Pawlikowski in 2015
Paweł Aleksander Pawlikowski
15 September 1957
|Alma mater||Oxford University|
Małgosia Bela (m. 2017)
Paweł Aleksander Pawlikowski (Polish: [ˈpavɛw alɛˈksandɛr pavliˈkɔfskʲi]; born 15 September 1957) is a Polish filmmaker, who has lived and worked most of his life in the UK. He garnered much acclaim for a string of award-winning documentaries in the 1990s and for his feature films Last Resort and My Summer of Love, both of which won a BAFTA and many other European awards. His film Ida won the 2015 Academy Award for Best Foreign Language Film. At the 2018 Cannes Film Festival, Pawlikowski won the Best Director prize for his latest film Cold War.
Pawlikowski was born in Warsaw, to a father trained as a doctor in the army and a ballerina mother. In his late teens, he learned that his paternal grandmother was Jewish and had died in Auschwitz. At the age of 14, he left communist Poland with his mother for London. What he thought was a holiday, turned out to be a permanent exile. A year later he moved to Germany, before finally settling in Britain in 1977. He studied literature and philosophy at Oxford University.
In the late 1980s and 1990s, Pawlikowski was best known for his documentaries, whose blend of lyricism and irony won him many fans and awards around the world. From Moscow to Pietushki was a poetic journey into the world of the Russian cult writer Venedikt Erofeev, for which he won an Emmy, an RTS award, a Prix Italia and other awards. The multi-award winning Dostoevsky's Travels was a tragi-comic road movie in which a St Petersburg tram driver—and the only living descendant of Fyodor Dostoevsky—travels rough around Western Europe haunting high-minded humanists, aristocrats, monarchists and the Baden-Baden casino in his quest to raise money to buy a secondhand Mercedes. Pawlikowski's most original and formally successful film was Serbian Epics (1992), made at the height of the Bosnian War. The oblique, ironic, imagistic, at times almost hypnotic study of epic Serbian poetry, with exclusive footage of Radovan Karadžić and General Ratko Mladić, aroused a storm of controversy and incomprehension at the time, but has now secured it something of a cult status. The absurdist Tripping with Zhirinovsky, a surreal boat journey down the Volga with the Russian would-be dictator Vladimir Zhirinovsky, won Pawlikowski the Grierson Award for the Best British Documentary in 1995.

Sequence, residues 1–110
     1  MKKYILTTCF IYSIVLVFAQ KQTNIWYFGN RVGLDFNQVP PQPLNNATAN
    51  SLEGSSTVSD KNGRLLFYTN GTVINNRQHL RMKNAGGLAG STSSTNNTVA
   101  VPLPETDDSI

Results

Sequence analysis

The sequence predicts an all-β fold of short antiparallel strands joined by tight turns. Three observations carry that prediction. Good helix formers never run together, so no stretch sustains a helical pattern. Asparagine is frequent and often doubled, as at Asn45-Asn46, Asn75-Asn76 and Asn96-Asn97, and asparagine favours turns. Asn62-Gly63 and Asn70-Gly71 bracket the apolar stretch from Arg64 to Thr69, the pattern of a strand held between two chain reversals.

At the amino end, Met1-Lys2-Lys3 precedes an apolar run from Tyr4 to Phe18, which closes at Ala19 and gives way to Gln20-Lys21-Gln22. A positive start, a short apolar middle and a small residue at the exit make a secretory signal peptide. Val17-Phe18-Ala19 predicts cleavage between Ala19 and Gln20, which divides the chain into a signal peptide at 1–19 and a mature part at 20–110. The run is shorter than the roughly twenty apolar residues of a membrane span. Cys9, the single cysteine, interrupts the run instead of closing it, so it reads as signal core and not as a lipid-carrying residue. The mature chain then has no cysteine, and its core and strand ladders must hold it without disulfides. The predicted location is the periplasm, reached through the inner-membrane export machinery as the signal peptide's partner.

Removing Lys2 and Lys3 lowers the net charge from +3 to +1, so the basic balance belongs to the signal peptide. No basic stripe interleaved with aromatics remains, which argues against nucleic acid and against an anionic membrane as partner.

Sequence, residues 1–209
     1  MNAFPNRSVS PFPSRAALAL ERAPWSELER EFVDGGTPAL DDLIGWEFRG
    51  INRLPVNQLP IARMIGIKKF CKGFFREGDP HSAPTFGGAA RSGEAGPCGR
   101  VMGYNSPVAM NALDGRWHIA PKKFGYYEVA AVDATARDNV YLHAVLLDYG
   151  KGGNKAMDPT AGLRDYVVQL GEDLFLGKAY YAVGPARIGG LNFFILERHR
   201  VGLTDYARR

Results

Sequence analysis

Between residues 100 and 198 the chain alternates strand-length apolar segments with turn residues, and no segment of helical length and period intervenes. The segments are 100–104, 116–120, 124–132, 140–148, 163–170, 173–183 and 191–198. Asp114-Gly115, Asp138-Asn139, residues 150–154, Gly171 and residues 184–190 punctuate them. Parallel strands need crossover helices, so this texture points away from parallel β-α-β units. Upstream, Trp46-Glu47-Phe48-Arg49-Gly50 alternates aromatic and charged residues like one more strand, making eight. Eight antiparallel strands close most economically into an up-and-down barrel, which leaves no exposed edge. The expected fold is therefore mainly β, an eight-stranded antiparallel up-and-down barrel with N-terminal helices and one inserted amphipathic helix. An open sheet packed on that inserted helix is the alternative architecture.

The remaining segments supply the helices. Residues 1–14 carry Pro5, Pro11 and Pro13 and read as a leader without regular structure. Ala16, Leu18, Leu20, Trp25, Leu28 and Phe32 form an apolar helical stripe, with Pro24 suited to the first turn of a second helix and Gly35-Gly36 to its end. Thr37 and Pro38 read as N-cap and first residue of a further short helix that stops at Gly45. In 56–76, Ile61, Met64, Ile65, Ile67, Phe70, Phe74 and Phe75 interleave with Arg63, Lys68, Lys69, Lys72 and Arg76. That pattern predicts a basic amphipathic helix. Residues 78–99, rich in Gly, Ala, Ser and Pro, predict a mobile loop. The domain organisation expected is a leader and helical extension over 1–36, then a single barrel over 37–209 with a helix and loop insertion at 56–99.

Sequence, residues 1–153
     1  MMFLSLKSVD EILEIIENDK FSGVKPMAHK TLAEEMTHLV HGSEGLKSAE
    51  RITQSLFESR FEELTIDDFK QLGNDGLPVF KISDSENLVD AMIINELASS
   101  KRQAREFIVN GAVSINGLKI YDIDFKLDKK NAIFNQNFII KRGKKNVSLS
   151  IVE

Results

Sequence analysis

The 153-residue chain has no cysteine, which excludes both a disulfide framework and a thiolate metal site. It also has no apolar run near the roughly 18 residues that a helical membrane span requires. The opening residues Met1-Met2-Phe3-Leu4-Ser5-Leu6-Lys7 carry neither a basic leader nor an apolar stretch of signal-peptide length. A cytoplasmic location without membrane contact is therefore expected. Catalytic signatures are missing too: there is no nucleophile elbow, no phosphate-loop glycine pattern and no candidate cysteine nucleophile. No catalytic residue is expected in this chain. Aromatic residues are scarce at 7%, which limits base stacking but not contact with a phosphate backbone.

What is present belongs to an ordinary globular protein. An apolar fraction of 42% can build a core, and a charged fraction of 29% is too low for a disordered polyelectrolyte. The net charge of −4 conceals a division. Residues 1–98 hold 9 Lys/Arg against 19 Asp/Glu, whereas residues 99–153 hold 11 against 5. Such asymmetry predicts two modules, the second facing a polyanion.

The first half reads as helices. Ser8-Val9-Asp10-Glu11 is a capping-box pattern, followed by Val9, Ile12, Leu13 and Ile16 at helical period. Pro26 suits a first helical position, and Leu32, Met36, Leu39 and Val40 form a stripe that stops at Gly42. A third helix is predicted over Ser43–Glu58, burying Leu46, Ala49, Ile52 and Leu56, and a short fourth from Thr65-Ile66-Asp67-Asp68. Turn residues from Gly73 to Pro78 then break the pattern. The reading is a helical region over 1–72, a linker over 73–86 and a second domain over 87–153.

Pawlikowski's transition to fiction occurred in 1998 with a small 50-minute hybrid film Twockers, a lyrical and gritty love story set on a sink estate in Yorkshire, which he co-wrote and co-directed with Ian Duncan. In 2001 he wrote and directed Last Resort with Dina Korzun and Paddy Considine, which won a BAFTA, the Michael Powell Award for Best British Film at Edinburgh and many other awards. In 2004 he wrote and directed My Summer of Love with Emily Blunt and Natalie Press, which won a BAFTA, the Michael Powell Award for Best British Film and many other awards.